The most basic function of any live subtitling operation is to input the dialogue text, and in the early days, the humble QWERTY keyboard was our only choice. Those early live subtitlers would wear out a typical keyboard in a few weeks, and the clattering of keys as they fought to keep up with news bulletins was a familiar sound. The technique sought to combine fast and accurate typing skills with an ability to précis the dialogue “on the fly”, as even the most accomplished subtitlers could only achieve less than half the typical dialogue speed of a news broadcast of over 180 words per minute.
Of course, despite the incredible skills of those early pioneers, a great deal of the dialogue was simply lost through the need to précis the lack of truly verbatim subtitles led to concerns from the deaf community who felt they were being disadvantaged, so we had to look for other ways.
So we turned to various so-called “high speed keyboard” technologies. The most obvious of these were the Palantype and Stenograph systems, used extensively at the time for verbatim court reporting. Both used machine shorthand technology, and “chording” keyboards, where an operator could input entire words by pressing combinations of keys on a highly specialised keyboard. The Palantype system had been developed for deaf MP Jack Ashley to assist him in the House of Commons and for a while both systems were candidates for live subtitling. In the end, it was the US-born Stenograph system that finally made it as a practical live subtitling tool, using specialist software packages to manage the complex text conversions and dictionary management.
Stenography is an extremely skilled art, with subtitlers taking around 2 years to be proficient in live subtitling, so some broadcasters looked at lower-cost alternatives, the most popular of these being Velotype. Developed in Holland, Velotype was also a chording keyboard, but used syllables, rather than the phonetic system of Stenograph, as the basis of its shorthand input.
Eventually, however, most UK broadcasters adopted some form of Stenography, at least for subtitling of live news, with skilled subtitlers finally able to match the newsreader’s speaking rate and deliver truly verbatim live subtitles for the first time.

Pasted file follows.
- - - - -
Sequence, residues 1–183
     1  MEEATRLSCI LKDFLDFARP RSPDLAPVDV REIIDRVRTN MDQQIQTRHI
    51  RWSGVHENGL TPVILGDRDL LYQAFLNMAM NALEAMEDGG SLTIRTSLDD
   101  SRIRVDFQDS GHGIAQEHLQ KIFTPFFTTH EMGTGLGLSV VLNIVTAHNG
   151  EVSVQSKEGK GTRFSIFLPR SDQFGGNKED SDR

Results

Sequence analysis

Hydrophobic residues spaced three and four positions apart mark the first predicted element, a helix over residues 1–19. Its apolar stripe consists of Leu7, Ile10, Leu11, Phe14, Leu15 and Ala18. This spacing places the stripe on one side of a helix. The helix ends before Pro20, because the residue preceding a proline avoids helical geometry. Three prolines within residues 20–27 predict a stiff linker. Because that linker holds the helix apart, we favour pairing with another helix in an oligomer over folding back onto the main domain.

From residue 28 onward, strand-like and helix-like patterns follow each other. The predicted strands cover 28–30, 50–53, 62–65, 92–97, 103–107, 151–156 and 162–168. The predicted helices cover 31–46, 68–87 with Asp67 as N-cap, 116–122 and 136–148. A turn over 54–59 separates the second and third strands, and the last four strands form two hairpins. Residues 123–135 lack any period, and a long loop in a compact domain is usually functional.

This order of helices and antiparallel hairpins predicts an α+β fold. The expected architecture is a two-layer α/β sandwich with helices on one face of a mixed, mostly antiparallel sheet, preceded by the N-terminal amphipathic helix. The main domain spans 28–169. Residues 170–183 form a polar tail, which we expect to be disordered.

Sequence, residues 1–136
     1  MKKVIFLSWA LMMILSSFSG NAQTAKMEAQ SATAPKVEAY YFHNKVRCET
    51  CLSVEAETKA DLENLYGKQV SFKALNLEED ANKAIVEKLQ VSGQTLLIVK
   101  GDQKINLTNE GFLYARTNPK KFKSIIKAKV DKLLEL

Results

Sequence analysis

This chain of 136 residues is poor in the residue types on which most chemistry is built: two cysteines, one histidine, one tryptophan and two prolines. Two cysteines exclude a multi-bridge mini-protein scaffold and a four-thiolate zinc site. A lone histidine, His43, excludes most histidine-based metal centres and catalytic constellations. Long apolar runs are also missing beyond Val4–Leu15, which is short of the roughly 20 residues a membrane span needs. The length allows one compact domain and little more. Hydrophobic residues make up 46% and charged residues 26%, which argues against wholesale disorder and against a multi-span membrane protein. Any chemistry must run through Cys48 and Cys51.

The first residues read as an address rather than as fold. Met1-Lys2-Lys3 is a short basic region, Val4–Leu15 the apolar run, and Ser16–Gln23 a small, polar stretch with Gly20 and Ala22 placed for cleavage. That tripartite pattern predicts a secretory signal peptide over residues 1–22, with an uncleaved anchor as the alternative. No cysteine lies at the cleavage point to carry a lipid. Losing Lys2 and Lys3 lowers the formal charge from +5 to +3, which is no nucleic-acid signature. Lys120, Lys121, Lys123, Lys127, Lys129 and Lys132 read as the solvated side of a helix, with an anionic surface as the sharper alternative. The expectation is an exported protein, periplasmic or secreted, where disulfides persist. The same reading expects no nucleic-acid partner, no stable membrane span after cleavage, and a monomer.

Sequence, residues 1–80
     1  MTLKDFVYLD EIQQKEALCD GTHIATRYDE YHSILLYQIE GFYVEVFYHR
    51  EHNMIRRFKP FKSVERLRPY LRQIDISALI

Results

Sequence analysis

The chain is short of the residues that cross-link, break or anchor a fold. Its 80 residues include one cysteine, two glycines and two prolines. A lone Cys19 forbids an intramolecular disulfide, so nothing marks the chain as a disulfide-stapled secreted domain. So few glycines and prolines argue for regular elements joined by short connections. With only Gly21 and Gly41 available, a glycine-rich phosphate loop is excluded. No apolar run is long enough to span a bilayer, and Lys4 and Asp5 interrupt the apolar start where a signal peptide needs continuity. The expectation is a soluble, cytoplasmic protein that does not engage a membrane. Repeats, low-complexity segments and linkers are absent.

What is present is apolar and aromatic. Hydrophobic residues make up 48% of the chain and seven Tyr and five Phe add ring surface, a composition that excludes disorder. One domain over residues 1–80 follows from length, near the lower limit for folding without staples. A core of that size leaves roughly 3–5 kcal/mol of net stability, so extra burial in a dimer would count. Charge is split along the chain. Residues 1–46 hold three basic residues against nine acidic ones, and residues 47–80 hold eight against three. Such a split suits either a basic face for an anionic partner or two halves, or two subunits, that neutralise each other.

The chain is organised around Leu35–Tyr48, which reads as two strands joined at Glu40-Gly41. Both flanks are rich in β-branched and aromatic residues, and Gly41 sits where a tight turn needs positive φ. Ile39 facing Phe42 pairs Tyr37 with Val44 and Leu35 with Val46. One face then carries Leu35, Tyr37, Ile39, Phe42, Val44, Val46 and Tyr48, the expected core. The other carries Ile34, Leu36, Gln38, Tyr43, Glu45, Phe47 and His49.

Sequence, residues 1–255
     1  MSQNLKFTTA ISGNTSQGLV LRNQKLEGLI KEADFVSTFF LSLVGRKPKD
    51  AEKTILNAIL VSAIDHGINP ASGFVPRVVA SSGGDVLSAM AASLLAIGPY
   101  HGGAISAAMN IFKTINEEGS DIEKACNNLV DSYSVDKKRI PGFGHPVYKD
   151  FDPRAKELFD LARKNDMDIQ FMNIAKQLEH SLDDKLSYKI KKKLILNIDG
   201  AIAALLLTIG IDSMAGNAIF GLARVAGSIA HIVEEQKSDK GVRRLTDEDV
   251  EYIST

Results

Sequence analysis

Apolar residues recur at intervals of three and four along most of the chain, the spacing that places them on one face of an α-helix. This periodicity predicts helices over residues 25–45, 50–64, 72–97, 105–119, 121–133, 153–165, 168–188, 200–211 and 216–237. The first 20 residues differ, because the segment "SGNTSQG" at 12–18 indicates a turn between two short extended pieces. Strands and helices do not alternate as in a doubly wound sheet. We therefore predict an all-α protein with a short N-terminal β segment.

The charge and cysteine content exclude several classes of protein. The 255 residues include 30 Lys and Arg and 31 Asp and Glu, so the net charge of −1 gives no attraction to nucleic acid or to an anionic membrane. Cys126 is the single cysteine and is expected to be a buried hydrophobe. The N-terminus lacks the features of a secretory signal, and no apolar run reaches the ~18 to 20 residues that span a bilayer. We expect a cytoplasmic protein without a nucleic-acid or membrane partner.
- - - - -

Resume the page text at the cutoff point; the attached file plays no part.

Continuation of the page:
It was not until around the turn of the century that speaker-dependent voice recognition became achievable and affordable for live subtitling, using a subtitler to respeak the real-time dialogue. Initially, word rates were limited by software and PC capabilities, and the early programming covered was somewhat leisurely-paced, such as BBC’s Snooker and C4’s Cricket. The technology — and word rate— improved steadily, and coupled with the less demanding subtitler training curve, respeaking VR has become almost universal as the preferred input method for live subtitling, capable of handling virtually all programming requirements.
Of course, the Holy Grail of subtitling driven by automatic speech recognition (ASR) directly from the programme audio still remains out of reach. I started saying that the technology was “Ten years away” around 40 years ago! Some believe that 100% accuracy will never be achieved by a practical ASR subtitling system, but I think it’s tantalisingly close now! The challenges of concurrent speakers, background noise, music and speaker dialects still remain broadly to be overcome. Another ten years perhaps? One thing is certain though — I shall be retired by then!
John Hedger, Consultant Project Manager, Access Services